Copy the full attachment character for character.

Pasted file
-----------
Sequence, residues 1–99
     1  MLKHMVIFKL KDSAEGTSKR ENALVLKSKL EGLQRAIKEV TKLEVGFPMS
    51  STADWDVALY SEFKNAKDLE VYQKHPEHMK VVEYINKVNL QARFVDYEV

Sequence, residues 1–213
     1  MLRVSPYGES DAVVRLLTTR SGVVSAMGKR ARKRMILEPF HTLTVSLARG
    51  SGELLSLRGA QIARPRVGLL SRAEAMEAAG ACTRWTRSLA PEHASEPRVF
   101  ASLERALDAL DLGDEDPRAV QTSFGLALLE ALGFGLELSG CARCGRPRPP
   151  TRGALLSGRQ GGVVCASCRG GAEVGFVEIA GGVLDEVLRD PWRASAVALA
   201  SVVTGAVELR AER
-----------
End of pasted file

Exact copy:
Sequence, residues 1–99
     1  MLKHMVIFKL KDSAEGTSKR ENALVLKSKL EGLQRAIKEV TKLEVGFPMS
    51  STADWDVALY SEFKNAKDLE VYQKHPEHMK VVEYINKVNL QARFVDYEV

Sequence, residues 1–213
     1  MLRVSPYGES DAVVRLLTTR SGVVSAMGKR ARKRMILEPF HTLTVSLARG
    51  SGELLSLRGA QIARPRVGLL SRAEAMEAAG ACTRWTRSLA PEHASEPRVF
   101  ASLERALDAL DLGDEDPRAV QTSFGLALLE ALGFGLELSG CARCGRPRPP
   151  TRGALLSGRQ GGVVCASCRG GAEVGFVEIA GGVLDEVLRD PWRASAVALA
   201  SVVTGAVELR AER